Thursday, July 10, 2014

Book Review: Jesus Feminist by Sarah Bessey

There are a lot of books advocating for gender equality in Christian life. I don’t pretend to have read all of them, but I have read some.

I’ve never read another book like Jesus Feminist by Sarah Bessey (Howard Books, 2013).

image source: SarahBessey.com
Jesus Feminist begins with an invitation to relax – to sit by the fire and look at the stars; to lay down our sharp words and critical hearts; to stop trying to push in at “the Table” of gatekeepers and policymakers (p.3); to realize, once and for all, that “there is room for all of us” (p. 4). She invites us to take a deep breath of life and then “get on with it” (p. 4).

In explaining what she means by “Jesus feminist,” Sarah (may I call you Sarah?) doesn’t shy away from the “baggage” that the word feminism carries (p. 11), but reminds us that feminism and Christianity have a long history together. She defines feminism as “the radical notion that women are people, too” (p. 13) and explains that Jesus’s respect for and inclusion of women, as evidenced in the gospels, is what inspired her to call herself a “Jesus feminist.”

From there, Sarah weaves her experiences and her understanding together in a way that’s almost more poetry than pose. A careful examination of women in the letters of Paul flows into stories from her own marriage of mutuality, which flows into the etymology of the Hebrew phrase “ezer kenegdo.” She gives equal weight to the stories of famous Christian women and women who remain anonymous. Sarah bravely tells us of her own heartbreaking losses and reminds us of the pressing pains our world is waiting for someone to heal.

The last chapter, “The Commissioning,” brings us back around to where we began: with an invitation. “Stop waiting for someone else to say that you count, that you matter, that you have worth, that you have a voice, a place, that you are called,” Sarah writes. “Stop waiting for someone else to validate your created self: that is done… Now go. And do.” (p. 192-193)

More than anything else, it’s the invitation that sets this book apart for me. If you are looking for a book that makes a reasonable, well-researched, scripturally sensitive appeal on behalf of women in the Church, you will find that here. If you are looking (with either hope or fear) for a book that chips at the cracks in patriarchy, you will find that here. To be honest, I suspect that you will find whatever it is you’re looking for – for good or ill – in this book. I hope in your looking that you will not miss the invitation to “get on with it” and serve God and God’s people in whatever ways your gifts and circumstances provide.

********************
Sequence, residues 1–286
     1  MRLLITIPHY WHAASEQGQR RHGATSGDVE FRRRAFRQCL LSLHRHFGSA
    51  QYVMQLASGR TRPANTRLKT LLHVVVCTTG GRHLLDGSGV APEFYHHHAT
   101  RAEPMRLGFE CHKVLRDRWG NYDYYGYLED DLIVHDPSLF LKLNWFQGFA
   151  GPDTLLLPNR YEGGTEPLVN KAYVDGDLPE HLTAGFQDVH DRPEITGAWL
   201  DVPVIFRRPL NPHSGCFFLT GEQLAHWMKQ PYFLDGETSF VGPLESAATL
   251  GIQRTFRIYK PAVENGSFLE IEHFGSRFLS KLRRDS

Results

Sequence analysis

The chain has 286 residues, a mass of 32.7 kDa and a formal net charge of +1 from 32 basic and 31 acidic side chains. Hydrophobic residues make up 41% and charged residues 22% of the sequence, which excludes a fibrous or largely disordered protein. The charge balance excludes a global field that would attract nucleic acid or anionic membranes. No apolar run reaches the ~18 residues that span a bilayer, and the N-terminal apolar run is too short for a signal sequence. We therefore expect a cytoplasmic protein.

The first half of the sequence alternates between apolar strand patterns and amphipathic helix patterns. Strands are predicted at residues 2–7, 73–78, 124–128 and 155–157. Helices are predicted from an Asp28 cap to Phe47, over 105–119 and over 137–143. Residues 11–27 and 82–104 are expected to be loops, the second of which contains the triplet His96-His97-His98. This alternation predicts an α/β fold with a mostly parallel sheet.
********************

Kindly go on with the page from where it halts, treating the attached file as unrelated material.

I could fill up pages and pages with lines I’ve underlined and starred, but here are a few:

"I want you to wrestle with the Bible. Do it. Wrestle until, Jacob-like, you walk with a limp ever after, and you receive the blessing of the Lord." (p. 22) 
“We are the people of God, and we are moving forward, always, prophetically embodying and moving toward God’s shalom.” (p. 31) 
“We are not living biblically by stuffing our true gifts and callings and passions into worn-out clich├ęs, turning scriptural encouragement and invitations into new rules.” (p. 100) 
“Thanks be to God who moves mountains. And thanks be to God for men and women who pick up the stones, one after another, after another, until the mountain moves.” (p. 140) 
“In the Kingdom of God, there is no such thing as an outsider.” (p. 166) 
“…if you are given a voice for dozens or only one other soul, you are a minister.” (p. 197)
image source: SarahBessey.com
(If you missed my post about why I’m a Jesus Feminist, check it out here!)

Full disclosure: I received a copy of Jesus Feminist from the publisher in exchange for my honest review.

Thursday, July 3, 2014

I'm an Incidental Blogger, and That's Okay

As I was cleaning off my bedside table this morning, I found the program for Baptist Theological Seminary at Richmond’s 2014 graduation ceremony. Six weeks ago, Big Boy graduated from BTSR – fourteen years after he started. We returned to the city where we met so that the whole family could collectively cheer and sigh as he walked across the stage.